You may be familiar with the marshmallow test, a test carried out at Stanford University in the 1970’s to see how a group of children’s ability to delay gratification would impact their future lives. The children were offered one marshmallow immediately or asked to hold out for 15 minutes and receive two. Those that were able to delay gratification performed notably better through life in terms of their educational attainment, overall fitness levels and life satisfaction.
I would have without a doubt fallen into the category of those who grabbed the marshmallow as quickly as I could get my hands on it and this has been a story that has played out throughout my life as I have struggled with my overspending. While I have not totally mastered the game of delayed gratification, I have learnt some skills along the way and I would like to share these with you if this is something you also grapple with.
Firstly, what is delayed gratification?
It is the skill of being able to put off getting something small now in order to build getting a bigger reward in future.
Let’s break that down a little….
It is a skill
The good news is just like any skill it is one you can choose to learn.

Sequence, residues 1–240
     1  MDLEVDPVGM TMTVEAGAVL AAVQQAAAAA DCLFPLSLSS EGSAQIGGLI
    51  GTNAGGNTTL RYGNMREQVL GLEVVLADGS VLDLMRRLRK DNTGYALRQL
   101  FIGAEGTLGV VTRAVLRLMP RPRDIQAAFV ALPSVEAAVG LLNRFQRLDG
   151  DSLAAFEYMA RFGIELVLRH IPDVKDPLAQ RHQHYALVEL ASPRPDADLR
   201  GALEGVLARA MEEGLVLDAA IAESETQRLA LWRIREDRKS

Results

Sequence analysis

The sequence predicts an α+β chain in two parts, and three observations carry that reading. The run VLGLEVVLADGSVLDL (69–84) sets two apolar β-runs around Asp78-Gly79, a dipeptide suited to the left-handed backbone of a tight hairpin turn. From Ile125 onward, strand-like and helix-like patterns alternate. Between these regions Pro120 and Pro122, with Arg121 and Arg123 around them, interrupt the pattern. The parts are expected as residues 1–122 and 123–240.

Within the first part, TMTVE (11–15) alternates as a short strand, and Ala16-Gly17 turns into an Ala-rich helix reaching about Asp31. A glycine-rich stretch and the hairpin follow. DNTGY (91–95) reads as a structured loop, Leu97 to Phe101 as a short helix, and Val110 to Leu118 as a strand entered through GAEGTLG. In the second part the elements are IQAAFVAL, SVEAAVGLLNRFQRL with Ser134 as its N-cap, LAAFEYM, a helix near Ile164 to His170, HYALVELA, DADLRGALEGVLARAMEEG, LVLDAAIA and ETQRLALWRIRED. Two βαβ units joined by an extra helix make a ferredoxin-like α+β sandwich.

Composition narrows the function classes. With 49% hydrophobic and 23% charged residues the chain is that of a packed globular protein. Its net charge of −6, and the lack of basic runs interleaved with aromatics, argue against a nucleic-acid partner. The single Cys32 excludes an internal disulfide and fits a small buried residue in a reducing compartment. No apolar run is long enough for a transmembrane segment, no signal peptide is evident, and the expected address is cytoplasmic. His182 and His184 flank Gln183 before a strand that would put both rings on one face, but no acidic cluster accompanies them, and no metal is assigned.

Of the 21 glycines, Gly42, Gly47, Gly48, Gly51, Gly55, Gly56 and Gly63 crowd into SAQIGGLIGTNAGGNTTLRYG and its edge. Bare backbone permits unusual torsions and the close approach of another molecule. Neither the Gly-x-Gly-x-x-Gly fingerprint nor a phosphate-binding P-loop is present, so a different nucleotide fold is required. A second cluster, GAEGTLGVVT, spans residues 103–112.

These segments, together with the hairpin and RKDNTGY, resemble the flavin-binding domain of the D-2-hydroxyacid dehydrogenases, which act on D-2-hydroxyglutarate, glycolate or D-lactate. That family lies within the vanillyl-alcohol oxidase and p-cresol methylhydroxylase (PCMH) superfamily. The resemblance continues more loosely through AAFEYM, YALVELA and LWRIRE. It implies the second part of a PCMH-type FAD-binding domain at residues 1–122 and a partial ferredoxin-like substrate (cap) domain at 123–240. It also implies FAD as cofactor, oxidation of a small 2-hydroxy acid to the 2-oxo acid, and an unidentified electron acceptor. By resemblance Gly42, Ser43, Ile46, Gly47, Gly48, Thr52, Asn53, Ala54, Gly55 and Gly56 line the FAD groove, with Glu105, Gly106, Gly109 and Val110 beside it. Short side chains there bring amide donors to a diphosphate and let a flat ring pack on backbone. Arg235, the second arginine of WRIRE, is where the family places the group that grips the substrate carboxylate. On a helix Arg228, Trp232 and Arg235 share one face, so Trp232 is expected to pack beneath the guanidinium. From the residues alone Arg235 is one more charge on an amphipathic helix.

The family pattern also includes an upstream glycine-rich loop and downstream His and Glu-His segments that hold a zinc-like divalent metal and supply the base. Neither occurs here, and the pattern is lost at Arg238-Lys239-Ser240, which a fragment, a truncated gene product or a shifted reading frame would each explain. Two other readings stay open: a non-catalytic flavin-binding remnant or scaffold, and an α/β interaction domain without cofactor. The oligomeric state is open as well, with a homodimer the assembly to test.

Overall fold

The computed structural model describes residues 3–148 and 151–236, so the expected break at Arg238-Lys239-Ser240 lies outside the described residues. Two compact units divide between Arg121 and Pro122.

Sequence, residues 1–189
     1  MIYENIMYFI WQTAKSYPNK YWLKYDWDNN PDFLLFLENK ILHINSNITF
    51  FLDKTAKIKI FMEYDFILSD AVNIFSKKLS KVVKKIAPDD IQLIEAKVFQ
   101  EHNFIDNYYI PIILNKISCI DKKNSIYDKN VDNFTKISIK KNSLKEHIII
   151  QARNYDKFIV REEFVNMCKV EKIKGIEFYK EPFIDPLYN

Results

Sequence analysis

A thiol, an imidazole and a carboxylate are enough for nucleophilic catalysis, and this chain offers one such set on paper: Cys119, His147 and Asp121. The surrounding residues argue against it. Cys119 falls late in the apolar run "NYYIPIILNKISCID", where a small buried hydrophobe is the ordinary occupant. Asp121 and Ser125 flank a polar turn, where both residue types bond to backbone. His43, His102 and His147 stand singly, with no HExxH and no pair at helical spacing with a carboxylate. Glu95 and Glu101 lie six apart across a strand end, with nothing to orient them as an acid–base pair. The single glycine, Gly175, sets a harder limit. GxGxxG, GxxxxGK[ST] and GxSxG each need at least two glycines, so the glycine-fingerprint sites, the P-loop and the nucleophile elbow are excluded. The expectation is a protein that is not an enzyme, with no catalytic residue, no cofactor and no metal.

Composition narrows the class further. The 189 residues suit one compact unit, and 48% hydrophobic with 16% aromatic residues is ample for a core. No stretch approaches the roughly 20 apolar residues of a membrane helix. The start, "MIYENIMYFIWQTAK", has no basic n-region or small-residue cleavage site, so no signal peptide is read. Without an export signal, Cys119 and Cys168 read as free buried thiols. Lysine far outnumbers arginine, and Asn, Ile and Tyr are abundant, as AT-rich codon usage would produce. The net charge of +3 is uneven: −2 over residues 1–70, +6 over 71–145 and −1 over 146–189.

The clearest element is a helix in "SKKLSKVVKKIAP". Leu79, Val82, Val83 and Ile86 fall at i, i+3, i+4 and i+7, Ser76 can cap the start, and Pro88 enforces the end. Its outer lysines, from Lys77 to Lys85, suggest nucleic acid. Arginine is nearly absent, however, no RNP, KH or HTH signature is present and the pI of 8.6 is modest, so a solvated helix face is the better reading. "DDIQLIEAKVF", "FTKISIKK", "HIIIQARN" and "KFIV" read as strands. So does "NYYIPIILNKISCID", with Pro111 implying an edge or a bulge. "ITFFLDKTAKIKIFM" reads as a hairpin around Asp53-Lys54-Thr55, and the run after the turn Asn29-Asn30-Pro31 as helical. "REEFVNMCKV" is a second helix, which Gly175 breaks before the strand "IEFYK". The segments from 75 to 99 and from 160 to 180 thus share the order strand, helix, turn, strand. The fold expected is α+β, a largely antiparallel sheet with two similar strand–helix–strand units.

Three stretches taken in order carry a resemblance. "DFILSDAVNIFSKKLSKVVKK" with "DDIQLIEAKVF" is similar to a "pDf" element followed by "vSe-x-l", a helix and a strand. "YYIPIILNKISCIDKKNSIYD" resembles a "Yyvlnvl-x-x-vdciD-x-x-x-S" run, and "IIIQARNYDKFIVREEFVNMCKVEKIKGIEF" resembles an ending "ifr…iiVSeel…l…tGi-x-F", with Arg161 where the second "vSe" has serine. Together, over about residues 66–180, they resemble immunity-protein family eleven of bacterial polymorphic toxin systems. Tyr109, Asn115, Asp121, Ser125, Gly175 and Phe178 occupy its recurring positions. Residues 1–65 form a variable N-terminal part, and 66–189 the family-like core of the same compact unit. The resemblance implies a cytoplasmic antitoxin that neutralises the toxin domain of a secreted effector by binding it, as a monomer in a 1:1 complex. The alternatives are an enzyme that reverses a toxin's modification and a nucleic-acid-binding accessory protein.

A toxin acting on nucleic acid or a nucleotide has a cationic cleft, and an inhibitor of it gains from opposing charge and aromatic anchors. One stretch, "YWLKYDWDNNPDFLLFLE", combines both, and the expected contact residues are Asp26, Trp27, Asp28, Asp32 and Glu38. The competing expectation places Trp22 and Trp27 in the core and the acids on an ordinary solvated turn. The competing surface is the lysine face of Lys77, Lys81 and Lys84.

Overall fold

You are giving up something small
In the moment when that expensive handbag or pair of shoes is triggering all your want emotions, or that invite to try out that new expensive restaurant with your friends is playing on your fear of missing out it is extremely difficult to see the big picture of why you shouldn’t just pull out the plastic and spend. But if you start to train yourself to step back out of the moment of deep desire and shopping lust and start to look at how this bag or this pricy dinner is going to add to your life you may start to see how small and meaningless they are to your big picture.
There is a bigger reward in your future
Every time you choose not to spend frivolously now with money you do or don’t already have, you invest in yourself. Let me repeat that (for myself and anyone who is reading!) Anytime you don’t give your money away to someone else for something you likely don’t need you are directing it to yourself and your dreams and your big life. And that has got to be the most motivating driver of all.
How can you build this skill?
Know what is important to you
We have all heard this a trillion times before, know your values. And the truth of it is if you don’t know yourself and what is important to you, you are going to be externally focused and susceptible to any whim because you don’t have a clear direction. Spend some time getting to know you and what makes you happy, what you love doing and what the non-negotiables in your life are.
Have clear goals and know your why
Knowing what is important to you makes setting goals so much easier because you obviously want to live the life that lets you have more of what is important. More security, more time to experience life and enjoy moments with those you love, more time to travel, more freedom, basically more time to be 100% authentically you.
Write down your big goals and set little goals along the way to guide you on your path.